Real Estate Has A Communication Problem. Let's Talk About It
When it comes to the relationship between property managers and tenants, there is room for improvement.
Mark Smukler and Alex Ohebshalom have each experienced this problem firsthand. A renter in New York City since 2008, Smukler grew tired of dealing with hard-to-reach property managers, lost checks and incomplete maintenance requests.
“I would sign a lease, move into a new place, and start to notice all the problems that I’d missed while scouting the place,” Smukler said. “Calling management to fix the issues was always a difficult process that, in most cases, ended with me dealing with the problem until I moved out at the end of the lease. I never felt like I got what I paid for.”
Ohebshalom was also feeling the pressure, but as a property manager. He lacked the tools to meet tenant expectations.
“Tenants would often call the office furious because a maintenance request hadn’t been taken care of,” Ohebshalom said. “I would always apologize and explain that I had no idea about the issue. I realized that we had serious communication and transparency issues. We were falling behind the times.”
The communication gap between property managers and tenants has grown worse over time and led to poor rental experiences. Most property management companies still require paper checks and application materials, and they expect tenants to call them with utility requests and other issues.
Today’s renters have different expectations. Zillow reported last year that 55% of millennial renters want to submit rental applications online and more than one-third want to pay rent electronically. Renters have also expressed a preference for communicating maintenance requests and other issues via an online portal as opposed to phone calls, texts or emails.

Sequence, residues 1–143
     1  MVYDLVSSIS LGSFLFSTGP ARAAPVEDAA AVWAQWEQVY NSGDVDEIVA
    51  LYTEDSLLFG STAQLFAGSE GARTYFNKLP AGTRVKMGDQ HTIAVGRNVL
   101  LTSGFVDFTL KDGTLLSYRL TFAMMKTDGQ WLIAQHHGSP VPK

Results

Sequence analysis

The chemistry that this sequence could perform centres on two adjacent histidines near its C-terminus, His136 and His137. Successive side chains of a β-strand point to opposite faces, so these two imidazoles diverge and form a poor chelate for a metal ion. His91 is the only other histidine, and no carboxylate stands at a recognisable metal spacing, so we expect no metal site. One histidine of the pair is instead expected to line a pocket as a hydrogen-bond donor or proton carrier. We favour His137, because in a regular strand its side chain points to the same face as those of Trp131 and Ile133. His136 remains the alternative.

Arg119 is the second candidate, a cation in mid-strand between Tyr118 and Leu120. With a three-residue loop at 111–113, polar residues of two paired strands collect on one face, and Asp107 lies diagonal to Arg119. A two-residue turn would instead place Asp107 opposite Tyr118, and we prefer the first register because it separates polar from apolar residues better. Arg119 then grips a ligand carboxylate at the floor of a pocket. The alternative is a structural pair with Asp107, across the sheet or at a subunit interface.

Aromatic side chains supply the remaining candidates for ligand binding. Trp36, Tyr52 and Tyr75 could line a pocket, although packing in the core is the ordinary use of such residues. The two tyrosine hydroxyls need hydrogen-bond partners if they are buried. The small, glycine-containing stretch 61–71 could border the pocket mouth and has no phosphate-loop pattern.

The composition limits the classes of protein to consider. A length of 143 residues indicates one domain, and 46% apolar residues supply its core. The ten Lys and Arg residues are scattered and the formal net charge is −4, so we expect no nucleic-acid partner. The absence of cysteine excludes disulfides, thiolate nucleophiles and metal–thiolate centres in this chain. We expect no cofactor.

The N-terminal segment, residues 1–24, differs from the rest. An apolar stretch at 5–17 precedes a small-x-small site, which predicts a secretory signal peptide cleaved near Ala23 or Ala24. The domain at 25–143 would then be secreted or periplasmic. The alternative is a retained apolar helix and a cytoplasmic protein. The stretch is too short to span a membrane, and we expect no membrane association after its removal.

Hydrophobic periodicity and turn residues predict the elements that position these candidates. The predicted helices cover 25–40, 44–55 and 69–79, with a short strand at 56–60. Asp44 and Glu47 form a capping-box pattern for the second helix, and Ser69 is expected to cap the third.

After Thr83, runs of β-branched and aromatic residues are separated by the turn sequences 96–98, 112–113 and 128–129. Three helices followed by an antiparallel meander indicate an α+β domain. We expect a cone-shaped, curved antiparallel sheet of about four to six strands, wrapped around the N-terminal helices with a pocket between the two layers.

This disconnect has led to stressful tenant-landlord relationships, factoring into decreased retention rates. According to Zillow Rentals, 68% of renters leave their apartments because of bad customer service. This turnover can be costly for both tenants and property managers.
Smukler and Ohebshalom turned their frustrations toward solving this problem when the pair founded Bixby, an app that aims to make it easy for property managers to provide better experiences for tenants and residents.
“The goal is to provide owners and managers with an easy-to-use platform that solves key pain points in the tenant and resident relations component of property management,” Smukler said to Real Estate Tech News. “Better service means streamlining communication, facilitating faster repairs, collecting online payments and providing tenants with value-added features like discounts to local businesses, a calendar of nearby events and the ability to control smart-home devices from a single platform.”
Among Bixby’s most-used features is the message board, which allows property managers to broadcast messages to an entire building, a select group of apartments or an individual. Keeping tenants in the know is an easy way to earn their trust and build a lasting relationship, Ohebshalom said.
Another popular feature for Bixby is its maintenance portal, which property managers use to receive, organize and dispatch repair requests. Property managers can schedule repairs, send status updates and more efficiently manage a network of vendors and employees. Bixby features a payment function similar to Venmo, which lets tenants submit rental payments using a credit or debit card, or through a direct bank-to-bank transaction.
Management technology concepts are new to the real estate industry, but many of them have become commonplace in other sectors. Task management software and workflow apps have grown popular as offices and workplaces strive for productivity and efficiency. Platforms like Slack drive team communication and apps like Evernote and Basecamp enable teams to manage tasks effectively. This type of software is now revolutionizing real estate by creating a single portal for all property management activities.
Bixby enters the market as businesses and consumers are warming up to the concept of tenant-oriented technology. Digital platforms including Zillow, Redfin and Compass have reinvented the real estate buying, renting and selling process by combining advisory services with a user-friendly search experience. That improved user experience has now entered the property management space.
As real estate technology continues to improve, so will tenant and manager experiences.
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